Team Leslie Law
Law’s team consisted of three athletes with previous team experience from the FEI North American Youth Championships (NAYC): Baugh, U.S. Eventing Emerging Athlete Eventing 25 Program participant Mallory Hogan (Belvedere, Calif.), and Phillips. Baugh also competed at the first leg of the USEF/USET Foundation North American Team Challenge at the Carolina International in March, along with Cosby Green (Lexington, Ky.), Emerging Athlete Eventing 25 Program participant.
“[The USEF/USET Foundation North American Team Challenge] is awesome, and I’m so grateful for the opportunity. It really has been eye-opening because I have been on past NAYC teams. Just to see how things worked then and how things have carried over to this competition. … I have loved every minute of it, meeting new people and connections, and working with such awesome people,” said Phillips.
After competing at the Carolina International, both Baugh and Green felt more at ease heading into Bromont. Entering the Carolina International, Baugh was not quite expecting team trot-ups and daily meetings. However, that prepared her for Bromont. She knew the expectations and could focus on deeper aspects of the program.
“The biggest thing that [Leslie and Erik] mentioned was about team orders on cross-country day. What they hit on is that sometimes it’s not the worst thing to be number one out of the box. . . everyone is a part of it, and we all have very important roles being exactly where we are supposed to be,” said Baugh, who broke into the twenties in dressage with Ballingowan Pizazz for the first time.
For Green, Carolina was a great opportunity to get a feel for the team environment. She arrived at the Carolina International without team competition background, so the process overwhelmed her. However, it made her more prepared for Bromont and comfortable learning about her teammates.
“At Carolina, I got to learn what [Erik and Leslie’s] goals were overall and be introduced to the idea of a team. [At Bromont], I felt like I [could have] more fun with it. [I have] enjoyed the pressure [and getting to know] my teammates. . . I love having teammates and the support of Leslie and Erik. They can help with [anything], and that is awesome,” said Green, who competed with Highly Suspicious, Edie and Clay Green’s 9-year-old Irish Sport Horse gelding.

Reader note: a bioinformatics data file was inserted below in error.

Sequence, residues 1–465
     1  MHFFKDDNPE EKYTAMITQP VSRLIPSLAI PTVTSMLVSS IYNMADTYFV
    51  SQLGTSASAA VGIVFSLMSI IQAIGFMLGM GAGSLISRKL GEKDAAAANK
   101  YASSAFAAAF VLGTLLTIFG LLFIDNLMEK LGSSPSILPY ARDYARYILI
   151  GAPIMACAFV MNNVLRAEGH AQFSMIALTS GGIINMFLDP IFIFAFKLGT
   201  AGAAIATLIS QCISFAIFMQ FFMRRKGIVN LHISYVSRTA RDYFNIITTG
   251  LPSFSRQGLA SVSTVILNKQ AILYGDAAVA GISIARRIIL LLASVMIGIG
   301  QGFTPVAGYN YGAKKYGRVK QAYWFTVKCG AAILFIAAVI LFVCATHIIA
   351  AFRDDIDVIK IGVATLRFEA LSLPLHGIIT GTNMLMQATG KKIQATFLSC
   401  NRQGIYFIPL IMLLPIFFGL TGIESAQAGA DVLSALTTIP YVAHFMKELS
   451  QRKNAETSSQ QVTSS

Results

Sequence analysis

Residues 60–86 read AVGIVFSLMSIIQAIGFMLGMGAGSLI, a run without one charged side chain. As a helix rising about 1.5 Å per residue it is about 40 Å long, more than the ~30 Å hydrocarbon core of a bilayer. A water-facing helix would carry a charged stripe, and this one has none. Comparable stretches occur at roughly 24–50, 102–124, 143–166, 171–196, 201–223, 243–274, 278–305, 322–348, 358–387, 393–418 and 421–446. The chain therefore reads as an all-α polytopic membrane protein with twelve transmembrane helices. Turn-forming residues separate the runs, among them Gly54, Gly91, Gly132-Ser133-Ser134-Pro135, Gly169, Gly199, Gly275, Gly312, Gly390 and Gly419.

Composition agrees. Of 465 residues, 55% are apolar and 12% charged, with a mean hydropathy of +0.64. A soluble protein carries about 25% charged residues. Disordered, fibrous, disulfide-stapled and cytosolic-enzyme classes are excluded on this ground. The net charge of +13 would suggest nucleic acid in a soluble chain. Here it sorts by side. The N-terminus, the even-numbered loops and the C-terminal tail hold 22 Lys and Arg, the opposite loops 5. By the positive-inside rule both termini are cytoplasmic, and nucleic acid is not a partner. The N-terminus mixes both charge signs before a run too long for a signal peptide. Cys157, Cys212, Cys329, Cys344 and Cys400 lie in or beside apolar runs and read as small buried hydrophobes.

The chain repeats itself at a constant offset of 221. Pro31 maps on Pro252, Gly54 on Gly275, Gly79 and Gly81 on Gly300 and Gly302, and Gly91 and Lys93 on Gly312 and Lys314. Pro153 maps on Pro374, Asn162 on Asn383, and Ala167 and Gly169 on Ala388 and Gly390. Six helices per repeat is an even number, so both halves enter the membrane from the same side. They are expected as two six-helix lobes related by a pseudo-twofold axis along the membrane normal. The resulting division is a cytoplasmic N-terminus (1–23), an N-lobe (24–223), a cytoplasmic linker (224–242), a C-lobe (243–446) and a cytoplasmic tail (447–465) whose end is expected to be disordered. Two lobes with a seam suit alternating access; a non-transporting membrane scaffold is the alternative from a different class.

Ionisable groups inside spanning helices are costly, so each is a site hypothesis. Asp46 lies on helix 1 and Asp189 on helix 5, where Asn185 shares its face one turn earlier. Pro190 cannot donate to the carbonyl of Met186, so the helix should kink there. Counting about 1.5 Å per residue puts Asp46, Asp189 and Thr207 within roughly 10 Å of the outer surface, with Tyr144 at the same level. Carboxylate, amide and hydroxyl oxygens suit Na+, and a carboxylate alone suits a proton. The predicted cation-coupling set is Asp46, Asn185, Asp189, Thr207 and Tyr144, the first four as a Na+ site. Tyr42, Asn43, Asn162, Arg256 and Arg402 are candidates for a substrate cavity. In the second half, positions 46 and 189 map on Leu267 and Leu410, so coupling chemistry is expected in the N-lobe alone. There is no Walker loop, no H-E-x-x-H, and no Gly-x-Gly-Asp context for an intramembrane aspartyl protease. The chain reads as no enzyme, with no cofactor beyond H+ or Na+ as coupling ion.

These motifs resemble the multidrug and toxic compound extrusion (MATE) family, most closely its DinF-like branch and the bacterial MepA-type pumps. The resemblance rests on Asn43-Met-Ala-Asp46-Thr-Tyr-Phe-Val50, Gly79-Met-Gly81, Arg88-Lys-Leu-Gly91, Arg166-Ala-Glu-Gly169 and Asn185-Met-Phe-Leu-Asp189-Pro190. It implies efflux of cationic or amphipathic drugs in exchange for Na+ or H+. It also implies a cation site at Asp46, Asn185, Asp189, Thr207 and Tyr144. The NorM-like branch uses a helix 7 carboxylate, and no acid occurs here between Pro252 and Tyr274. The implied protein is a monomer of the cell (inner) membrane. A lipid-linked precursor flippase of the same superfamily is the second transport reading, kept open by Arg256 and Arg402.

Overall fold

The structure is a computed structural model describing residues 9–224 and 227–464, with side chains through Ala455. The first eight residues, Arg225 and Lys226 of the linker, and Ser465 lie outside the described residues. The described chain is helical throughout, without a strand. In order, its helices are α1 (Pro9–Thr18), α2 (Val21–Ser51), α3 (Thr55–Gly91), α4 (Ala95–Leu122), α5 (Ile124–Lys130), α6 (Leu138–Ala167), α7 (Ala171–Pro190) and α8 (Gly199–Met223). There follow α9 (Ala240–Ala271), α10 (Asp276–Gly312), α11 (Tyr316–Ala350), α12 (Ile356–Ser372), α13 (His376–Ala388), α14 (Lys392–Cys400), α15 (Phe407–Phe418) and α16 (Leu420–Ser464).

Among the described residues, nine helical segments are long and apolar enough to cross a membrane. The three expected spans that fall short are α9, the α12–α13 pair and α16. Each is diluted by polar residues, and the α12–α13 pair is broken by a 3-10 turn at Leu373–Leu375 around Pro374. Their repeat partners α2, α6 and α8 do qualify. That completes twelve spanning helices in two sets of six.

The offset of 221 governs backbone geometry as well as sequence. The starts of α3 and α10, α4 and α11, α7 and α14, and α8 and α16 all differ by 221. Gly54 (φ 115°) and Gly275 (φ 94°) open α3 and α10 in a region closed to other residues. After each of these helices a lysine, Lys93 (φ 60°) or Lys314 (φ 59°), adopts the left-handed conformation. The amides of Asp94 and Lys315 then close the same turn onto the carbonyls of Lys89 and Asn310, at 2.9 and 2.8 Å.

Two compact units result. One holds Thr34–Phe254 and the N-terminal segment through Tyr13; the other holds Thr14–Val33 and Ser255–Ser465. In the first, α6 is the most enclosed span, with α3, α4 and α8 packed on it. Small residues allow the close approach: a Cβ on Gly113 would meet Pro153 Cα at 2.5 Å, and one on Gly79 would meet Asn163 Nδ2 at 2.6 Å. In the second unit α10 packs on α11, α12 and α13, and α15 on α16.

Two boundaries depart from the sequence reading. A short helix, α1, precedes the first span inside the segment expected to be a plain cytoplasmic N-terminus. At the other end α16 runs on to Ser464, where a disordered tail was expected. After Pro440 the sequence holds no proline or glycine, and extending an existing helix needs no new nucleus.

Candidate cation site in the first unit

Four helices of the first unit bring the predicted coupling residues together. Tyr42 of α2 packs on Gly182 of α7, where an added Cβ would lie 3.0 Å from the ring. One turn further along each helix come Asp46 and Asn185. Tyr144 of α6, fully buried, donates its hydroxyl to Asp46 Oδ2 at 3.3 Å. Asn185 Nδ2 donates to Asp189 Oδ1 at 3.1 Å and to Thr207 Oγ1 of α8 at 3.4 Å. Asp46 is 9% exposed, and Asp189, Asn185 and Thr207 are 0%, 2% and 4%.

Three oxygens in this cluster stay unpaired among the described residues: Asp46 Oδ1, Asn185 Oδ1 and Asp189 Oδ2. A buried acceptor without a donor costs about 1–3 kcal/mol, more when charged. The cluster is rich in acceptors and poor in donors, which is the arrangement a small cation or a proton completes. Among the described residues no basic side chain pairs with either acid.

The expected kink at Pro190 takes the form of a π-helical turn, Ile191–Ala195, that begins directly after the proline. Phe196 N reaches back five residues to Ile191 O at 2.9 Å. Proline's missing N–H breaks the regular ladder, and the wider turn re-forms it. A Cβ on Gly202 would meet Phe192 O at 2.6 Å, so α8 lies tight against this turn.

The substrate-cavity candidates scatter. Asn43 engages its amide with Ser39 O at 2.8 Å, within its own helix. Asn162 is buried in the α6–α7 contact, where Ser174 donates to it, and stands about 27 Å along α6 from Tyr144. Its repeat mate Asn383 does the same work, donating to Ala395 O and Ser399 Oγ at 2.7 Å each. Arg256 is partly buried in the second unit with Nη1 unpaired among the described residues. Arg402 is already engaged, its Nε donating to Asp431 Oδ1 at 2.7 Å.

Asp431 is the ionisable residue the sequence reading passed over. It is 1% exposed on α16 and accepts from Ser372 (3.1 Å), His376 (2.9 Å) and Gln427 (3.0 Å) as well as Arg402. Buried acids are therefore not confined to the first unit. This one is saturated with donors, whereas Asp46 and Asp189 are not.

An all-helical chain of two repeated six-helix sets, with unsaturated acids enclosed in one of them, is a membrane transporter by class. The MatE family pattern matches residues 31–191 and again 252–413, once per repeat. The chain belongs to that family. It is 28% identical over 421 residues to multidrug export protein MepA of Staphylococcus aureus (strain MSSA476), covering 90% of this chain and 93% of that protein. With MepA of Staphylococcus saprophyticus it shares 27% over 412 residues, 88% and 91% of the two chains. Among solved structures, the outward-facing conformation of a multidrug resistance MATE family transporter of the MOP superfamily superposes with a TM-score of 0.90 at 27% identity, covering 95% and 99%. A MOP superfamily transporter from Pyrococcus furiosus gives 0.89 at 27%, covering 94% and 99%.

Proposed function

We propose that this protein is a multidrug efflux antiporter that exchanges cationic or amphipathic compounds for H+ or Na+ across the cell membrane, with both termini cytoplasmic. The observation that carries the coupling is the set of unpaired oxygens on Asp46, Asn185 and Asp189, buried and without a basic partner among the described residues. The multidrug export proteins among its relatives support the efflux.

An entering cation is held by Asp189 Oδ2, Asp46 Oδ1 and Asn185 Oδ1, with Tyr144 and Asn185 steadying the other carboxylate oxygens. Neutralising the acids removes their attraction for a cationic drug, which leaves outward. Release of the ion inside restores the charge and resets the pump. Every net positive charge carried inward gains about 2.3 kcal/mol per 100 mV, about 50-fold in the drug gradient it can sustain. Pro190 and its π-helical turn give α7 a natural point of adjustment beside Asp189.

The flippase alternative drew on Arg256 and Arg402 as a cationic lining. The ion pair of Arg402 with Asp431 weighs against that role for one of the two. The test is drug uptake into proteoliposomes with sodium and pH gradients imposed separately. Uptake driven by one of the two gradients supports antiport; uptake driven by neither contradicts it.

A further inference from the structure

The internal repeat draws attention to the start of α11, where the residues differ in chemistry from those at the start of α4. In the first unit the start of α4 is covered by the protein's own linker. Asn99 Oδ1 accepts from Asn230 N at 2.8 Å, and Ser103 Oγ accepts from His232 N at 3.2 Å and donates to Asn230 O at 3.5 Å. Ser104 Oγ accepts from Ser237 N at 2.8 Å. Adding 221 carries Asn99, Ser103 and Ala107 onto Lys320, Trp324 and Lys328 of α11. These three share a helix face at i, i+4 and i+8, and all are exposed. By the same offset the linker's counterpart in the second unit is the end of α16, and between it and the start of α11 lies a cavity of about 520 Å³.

After her positive experiences competing at NAYC, Hogan was excited to be a part of the USEF/USET Foundation North American Team Challenge. In a sport largely individualized as one moves up the levels, Hogan believes it is essential for young riders to get outside their comfort zone and compete on teams before hitting a bigger stage.
“When you get the opportunity to work as a team, you realize how useful it is to have teammates to support you. It’s important to be comfortable with a different feel because you aren’t riding for yourself anymore,” explained Hogan, who earned an overall score of 53.70 with Clarissa Purisima, her 12-year-old Holsteiner mare. “You’re riding in the back of your mind [knowing] that you have coaches here, teammates relying on you, and sponsors. Just dealing with knowing that you were chosen to be here, and you are here to perform and do a job; it is more pressure.”
Team Erik Duvander
While Cecere and Knowles showed up to the Bromont without previous team exposure, Elliott and Lyman have each competed on a FEI Eventing Nations Cup team. Elliott considered her first team experience in the FEI Eventing Nations Cup USA at Great Meadow a crash course compared to the insight she gleaned at Bromont. She entered Great Meadow having not worked with Duvander and only knew teammate Buck Davidson. Although she found that comforting, she did not have the knowledge she does now.